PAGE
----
I would unequivocally object to putting Lewis in any such category. (Lewis was a critic of progressivism, let alone socialism and Marxism.) As for British “socialism,” well, which variant—and how far back? How about the Fabian Society type, the H.G. Wells variant, the George Bernard Shaw slop, or the Labour Party’s 1918 Clause IV-style that called for “common ownership of the means of production,” which Tony Blair repudiated in 1995? What about the disastrous Attlee administration that nationalized everything under the English skyline between 1945-51 (much of which Margaret Thatcher mercifully de-nationalized)? Even today’s Labour Party, long the home to presumably the type of “socialism” that Dr. Hart approves (incidentally, what kind of “socialist” is Jeremy Corbyn?), will not dare re-do what Clement Attlee did. Maybe Dr. Hart sees Britain’s NHS as constituting the best of British “socialism,” but it would be simplistic to say that that makes Britain “socialist.” Certainly, when Marx and Engels and Lenin and Trotsky wrote of socialism and democracy (Lenin and Trotsky and Stalin were initially members of the Social Democratic Party of Russia before the party split between Bolsheviks and Menshaviks in 1903), they would not have considered contemporary Britain socialist.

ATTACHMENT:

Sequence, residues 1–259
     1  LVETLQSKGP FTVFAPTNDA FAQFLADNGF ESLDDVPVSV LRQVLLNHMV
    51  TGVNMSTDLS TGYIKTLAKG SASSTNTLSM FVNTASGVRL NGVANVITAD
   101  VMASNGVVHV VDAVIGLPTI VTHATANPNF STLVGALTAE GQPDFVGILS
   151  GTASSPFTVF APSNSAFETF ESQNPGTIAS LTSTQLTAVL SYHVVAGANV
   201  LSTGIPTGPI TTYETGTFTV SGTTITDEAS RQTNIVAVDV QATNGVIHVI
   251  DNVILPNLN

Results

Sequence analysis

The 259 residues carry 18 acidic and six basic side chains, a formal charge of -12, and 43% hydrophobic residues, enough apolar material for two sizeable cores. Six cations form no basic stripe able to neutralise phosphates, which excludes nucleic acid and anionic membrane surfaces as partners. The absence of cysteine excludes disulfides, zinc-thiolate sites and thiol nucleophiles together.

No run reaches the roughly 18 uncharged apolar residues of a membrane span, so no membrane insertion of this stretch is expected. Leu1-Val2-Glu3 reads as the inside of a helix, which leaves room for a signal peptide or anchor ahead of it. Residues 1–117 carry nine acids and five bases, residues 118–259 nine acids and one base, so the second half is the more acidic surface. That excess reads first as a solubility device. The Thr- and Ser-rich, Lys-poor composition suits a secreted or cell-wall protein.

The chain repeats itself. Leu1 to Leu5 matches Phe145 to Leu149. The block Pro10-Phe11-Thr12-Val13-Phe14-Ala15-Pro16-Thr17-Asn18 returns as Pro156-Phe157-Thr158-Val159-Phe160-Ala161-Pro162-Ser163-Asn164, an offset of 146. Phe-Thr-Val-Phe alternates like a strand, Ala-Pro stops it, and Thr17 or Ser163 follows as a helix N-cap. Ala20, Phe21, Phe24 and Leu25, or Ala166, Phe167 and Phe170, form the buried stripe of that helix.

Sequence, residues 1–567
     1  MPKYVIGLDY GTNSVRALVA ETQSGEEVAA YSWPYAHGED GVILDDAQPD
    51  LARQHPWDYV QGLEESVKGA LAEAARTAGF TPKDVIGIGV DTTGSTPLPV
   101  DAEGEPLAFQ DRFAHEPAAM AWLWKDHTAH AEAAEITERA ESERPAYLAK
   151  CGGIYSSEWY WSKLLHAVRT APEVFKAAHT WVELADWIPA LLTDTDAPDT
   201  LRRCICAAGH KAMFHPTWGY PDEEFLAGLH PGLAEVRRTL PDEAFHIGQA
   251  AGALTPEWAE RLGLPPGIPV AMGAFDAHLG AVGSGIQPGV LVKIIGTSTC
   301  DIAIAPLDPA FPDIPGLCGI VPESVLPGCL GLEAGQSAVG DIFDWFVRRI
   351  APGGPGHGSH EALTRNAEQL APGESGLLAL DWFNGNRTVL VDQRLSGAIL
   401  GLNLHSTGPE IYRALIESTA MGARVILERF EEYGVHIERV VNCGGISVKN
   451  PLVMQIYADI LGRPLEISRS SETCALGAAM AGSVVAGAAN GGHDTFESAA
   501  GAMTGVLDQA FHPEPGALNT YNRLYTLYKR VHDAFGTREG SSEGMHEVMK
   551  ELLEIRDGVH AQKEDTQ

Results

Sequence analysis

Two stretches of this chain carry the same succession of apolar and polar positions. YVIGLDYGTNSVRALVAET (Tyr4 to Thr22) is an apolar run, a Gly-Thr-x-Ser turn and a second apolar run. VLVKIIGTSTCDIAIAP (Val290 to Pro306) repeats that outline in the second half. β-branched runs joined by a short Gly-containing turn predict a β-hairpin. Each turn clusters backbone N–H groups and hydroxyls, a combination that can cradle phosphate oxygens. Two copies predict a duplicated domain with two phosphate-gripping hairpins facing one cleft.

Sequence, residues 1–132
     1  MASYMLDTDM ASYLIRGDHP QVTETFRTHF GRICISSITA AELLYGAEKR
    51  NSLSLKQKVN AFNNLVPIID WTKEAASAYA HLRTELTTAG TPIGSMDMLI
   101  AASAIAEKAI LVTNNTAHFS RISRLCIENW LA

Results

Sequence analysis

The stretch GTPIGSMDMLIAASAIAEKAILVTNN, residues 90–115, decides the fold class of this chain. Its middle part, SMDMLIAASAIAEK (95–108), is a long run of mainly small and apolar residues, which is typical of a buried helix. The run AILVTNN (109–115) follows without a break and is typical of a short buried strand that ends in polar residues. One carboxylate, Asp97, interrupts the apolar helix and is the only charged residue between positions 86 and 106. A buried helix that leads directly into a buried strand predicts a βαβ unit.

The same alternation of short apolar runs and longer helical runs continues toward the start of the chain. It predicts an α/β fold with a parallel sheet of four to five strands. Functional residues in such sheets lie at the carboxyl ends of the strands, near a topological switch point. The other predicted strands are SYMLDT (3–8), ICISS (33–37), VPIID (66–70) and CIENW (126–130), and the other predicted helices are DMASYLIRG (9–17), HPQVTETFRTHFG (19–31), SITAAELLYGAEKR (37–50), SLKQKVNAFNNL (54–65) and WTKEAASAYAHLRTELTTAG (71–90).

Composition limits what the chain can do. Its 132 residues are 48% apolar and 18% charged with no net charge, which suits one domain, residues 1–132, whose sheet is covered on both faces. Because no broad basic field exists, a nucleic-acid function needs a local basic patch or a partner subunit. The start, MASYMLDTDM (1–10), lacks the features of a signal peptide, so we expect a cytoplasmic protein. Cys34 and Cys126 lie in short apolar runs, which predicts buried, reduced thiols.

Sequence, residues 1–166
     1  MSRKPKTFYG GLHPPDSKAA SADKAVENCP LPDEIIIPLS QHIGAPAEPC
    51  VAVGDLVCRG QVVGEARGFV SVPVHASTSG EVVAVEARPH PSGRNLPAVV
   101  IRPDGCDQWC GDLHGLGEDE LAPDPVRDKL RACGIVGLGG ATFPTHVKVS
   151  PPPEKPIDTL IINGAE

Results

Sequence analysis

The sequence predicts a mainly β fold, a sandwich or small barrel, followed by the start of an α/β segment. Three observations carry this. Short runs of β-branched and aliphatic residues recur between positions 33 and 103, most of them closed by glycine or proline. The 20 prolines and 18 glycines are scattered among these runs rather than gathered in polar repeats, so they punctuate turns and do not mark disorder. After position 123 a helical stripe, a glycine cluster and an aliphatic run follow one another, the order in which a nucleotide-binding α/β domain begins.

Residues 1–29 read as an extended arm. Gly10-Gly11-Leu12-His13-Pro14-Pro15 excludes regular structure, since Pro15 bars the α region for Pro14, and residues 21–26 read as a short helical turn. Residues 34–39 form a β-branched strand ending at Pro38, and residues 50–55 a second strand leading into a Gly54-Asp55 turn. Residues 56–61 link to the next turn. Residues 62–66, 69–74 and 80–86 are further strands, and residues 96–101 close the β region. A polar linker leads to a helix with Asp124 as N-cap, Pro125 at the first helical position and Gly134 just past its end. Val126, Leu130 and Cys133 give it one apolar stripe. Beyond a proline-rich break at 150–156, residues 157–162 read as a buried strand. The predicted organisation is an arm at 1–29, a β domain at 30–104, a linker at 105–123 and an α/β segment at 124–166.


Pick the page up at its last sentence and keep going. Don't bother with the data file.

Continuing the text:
And so, what is socialism? What is democratic socialism? Ask 10 self-described socialists or democratic socialists and you’ll get 10 different definitions, few of them grounded in a firm historical understanding of the term. What we tend to get from people on the left is ridicule of conservatives who legitimately fear what the left wants to do when it prattles on about the glories of “socialism” and “democratic socialism,” and how we should all take a deep breath and sit back and enjoy the vast fruits of what would await us if we would simply submit to taking the road to state utopia. Google the phrase “21st century socialism.” That’s what Hugo Chavez championed in Venezuela, and I could show you article after article from left-wing sources (People’s World especially) on how this was touted just a decade ago as the great new “democratic socialist” thing.